A mumpsimus [muhmp-suh-muhs] is a ‘traditional custom obstinately adhered to however unreasonable it may be,’ or ‘someone who obstinately clings to an error, bad habit or prejudice, even after the foible has been exposed and the person humiliated; also, any error, bad habit, or prejudice clung to in this fashion.’

The term originates in the story of a priest using the nonsense Latin word ‘mumpsimus’ instead of ‘sumpsimus’ (lit. ‘we have taken’) when giving mass, and refusing to be corrected on the matter. The word may refer to either the speaker or their habit.

The term originates from an apocryphal story about a poorly educated Catholic priest saying Latin mass who, in reciting the postcommunion prayer Quod ore sumpsimus, Domine (meaning: ‘What we have received in the mouth, Lord’), substitutes the non-word mumpsimus, perhaps as a mondegreen (a mishearing or misinterpretation of a phrase in a way that gives it a new meaning). After being made aware of his mistake, he nevertheless persisted with his erroneous version, whether from stubbornness, force of habit, or refusing to believe he was mistaken.

The story was told by Dutch philosopher and Catholic theologian Desiderius Erasmus in a letter he wrote in August 1516 to English clergyman Henry Bullock. Erasmus used it as an analogy with those who refused to accept that ‘Novum Instrumentum omne,’ his edition of the ‘Greek New Testament,’ corrected errors in the Latin Vulgate. English diplomat Richard Pace included a variant in his 1517 work ‘De Fructu qui ex Doctrina Percipitur,’ where the priest was English and had been saying mumpsimus for thirty years when corrected. While Pace’s book (written in Latin) is credited by the first edition of the Oxford English Dictionary as the origin of mumpsimus, Pace acknowledged his borrowing in a 1517 letter to Erasmus. ‘Mumpsimus and sumpsimus’ became proverbial among Protestants in the early English Reformation.

Mumpsimus soon entered the language as a cant word (insider jargon) widely used by 16th-century writers. In William Tyndale’s 1530 book ‘Practice of Prelates,’ the word was used in the sense of a stubborn opponent to Tyndale’s views. He said that the men whom English statesman and Catholic bishop Cardinal Wolsey had asked to find reasons why Catherine of Aragon was not truly the wife of King Henry VIII of England were ‘all lawyers, and other doctors, mumpsimuses of divinity.’ Sir Thomas Elyot in 1531, in ‘The Book of the Governor,’ explains why he uses the term ‘good courage’ instead of ‘magnanimity’: ‘this worde Magnanimitie beinge yet straunge, as late borowed out of the latyne, shall nat content all men, and specially them whome nothing contenteth out of their accustomed Mumpsimus, I will aduenture to put for Magnanimitie a worde more familiar, callynge it good courage.’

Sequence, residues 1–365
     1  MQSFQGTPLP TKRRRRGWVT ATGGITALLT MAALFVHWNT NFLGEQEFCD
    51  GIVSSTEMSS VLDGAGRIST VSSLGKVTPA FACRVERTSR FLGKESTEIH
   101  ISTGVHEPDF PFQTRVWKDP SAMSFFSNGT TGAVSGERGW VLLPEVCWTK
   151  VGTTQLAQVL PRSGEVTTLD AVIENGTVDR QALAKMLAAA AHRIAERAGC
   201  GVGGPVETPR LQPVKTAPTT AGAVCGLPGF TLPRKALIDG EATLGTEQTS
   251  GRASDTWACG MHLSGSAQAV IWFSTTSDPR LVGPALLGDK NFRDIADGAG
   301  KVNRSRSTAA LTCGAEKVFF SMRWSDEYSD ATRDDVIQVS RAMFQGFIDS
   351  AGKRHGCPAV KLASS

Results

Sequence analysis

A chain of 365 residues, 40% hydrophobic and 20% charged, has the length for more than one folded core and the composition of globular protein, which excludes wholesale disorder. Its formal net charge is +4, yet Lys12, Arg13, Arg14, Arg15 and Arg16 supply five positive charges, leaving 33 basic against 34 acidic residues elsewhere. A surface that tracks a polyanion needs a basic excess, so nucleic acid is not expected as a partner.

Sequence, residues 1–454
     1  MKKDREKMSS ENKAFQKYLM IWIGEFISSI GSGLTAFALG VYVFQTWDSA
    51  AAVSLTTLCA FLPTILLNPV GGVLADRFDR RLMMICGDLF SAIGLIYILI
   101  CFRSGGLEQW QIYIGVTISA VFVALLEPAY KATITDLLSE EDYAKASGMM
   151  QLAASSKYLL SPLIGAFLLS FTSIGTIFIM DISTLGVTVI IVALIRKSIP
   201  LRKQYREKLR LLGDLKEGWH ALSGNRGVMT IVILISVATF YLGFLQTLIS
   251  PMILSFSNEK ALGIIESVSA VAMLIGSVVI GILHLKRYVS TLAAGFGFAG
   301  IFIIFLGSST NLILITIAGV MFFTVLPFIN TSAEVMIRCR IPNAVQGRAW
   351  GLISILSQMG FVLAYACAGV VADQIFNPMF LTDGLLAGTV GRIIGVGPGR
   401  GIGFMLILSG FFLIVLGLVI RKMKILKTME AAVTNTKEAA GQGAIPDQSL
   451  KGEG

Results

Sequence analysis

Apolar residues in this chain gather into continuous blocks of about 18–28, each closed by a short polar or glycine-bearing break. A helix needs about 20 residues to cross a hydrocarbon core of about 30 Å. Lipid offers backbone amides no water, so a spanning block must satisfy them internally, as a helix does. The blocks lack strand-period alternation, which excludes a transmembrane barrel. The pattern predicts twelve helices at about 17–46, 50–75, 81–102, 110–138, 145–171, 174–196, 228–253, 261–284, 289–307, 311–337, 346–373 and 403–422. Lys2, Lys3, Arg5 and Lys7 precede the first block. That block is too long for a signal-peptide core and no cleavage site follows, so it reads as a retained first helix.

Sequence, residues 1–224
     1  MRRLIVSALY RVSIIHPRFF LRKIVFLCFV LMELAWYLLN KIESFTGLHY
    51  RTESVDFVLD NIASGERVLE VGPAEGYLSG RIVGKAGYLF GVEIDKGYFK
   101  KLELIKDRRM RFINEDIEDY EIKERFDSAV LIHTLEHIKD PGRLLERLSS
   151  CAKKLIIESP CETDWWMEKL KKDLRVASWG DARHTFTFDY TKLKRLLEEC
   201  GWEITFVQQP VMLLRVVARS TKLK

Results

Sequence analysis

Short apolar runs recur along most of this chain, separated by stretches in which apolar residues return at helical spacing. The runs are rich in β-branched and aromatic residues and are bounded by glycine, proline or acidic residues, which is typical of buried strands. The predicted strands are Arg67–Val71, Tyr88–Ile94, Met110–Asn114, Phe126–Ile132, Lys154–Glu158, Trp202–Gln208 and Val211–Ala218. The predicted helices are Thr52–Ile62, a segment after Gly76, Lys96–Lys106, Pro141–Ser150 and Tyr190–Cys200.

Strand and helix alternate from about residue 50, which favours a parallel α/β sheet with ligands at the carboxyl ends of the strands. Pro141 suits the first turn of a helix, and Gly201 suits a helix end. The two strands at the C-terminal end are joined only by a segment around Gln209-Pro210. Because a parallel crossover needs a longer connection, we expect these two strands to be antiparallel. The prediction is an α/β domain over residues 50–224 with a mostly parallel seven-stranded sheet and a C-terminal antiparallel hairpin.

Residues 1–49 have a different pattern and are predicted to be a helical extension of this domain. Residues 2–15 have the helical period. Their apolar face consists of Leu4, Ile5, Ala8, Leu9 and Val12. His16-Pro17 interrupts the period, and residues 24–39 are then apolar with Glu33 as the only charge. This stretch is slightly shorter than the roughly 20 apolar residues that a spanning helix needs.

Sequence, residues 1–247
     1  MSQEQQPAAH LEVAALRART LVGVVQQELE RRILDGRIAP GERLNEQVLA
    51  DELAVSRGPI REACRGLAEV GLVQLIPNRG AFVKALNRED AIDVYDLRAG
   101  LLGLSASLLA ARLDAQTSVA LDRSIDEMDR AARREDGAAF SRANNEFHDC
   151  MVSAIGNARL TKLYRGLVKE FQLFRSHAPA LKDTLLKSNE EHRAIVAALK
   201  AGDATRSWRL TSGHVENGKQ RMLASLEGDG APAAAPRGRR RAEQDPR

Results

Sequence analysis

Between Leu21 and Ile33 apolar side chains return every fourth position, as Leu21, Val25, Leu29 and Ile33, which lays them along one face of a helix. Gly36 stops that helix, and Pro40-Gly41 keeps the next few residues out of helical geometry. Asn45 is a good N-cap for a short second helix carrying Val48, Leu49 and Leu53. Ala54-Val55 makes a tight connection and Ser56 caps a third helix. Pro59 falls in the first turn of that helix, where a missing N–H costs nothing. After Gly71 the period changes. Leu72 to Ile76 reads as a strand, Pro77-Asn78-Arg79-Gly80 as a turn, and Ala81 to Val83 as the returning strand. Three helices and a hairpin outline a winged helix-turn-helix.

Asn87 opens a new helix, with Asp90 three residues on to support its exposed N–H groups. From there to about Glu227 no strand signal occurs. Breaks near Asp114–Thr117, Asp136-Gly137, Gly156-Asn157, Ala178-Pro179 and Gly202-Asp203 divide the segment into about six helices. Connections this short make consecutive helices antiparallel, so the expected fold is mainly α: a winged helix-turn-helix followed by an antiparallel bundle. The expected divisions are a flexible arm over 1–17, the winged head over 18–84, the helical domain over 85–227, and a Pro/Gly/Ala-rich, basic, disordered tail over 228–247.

In his speech at the State Opening of Parliament on Christmas Eve 1545, Henry VIII said: ‘I see and hear daily, that you of the clergy preach one against another, teach, one contrary to another, inveigh one against another, without charity or discretion. Some be too stiff in their old mumpsimus, other be too busy and curious in their new sumpsimus. Thus, all men almost be in variety and discord, and few or none do preach, truly and sincerely, the word of God, according as they ought to do.’

English ecclesiastic Peter Heylin refers to the king’s saying in his 1631 ‘The History of St. George of Cappadocia’ when he talks of ‘those self-conceited ones which are so stiffe—as King Harry used to say—in their new sumpsimus…’ Hugh Latimer, the Bishop of Worcester during the Reformation, used the term in two sermons he preached in 1552, saying that ‘[w]hen my neighbour is taught, and knoweth the truth, and will not believe it, but will abide in his old mumpsimus…’ and again: “‘Some be so obstinate in their old mumpsimus, that they cannot abide the true doctrine of God.’

In an 1883 polemic on errors in translations of the Christian Bible, Anglican divine John Burgon says, ‘If men prefer their ‘mumpsimus’ to our ‘sumpsimus,’ let them by all means have it: but pray let them keep their rubbish to themselves—and at least leave our SAVIOUR’s words alone.’

Eugene T. Maleska, 1970s editor of ‘The New York Times’ crossword puzzle, received ‘dozens of letters’ after mumpsimus appeared as an answer; he had felt that ‘it was time to revive the obsolete noun.’ A. Leslie Derbyshire applied it in a 1981 management science book to managers who know how to do a better job but choose not to. Garner’s ‘Modern English Usage’ notes that the word could describe George W. Bush because of his persistent habit of pronouncing ‘nuclear’ as ‘nucular,’ despite the error being widely reported.


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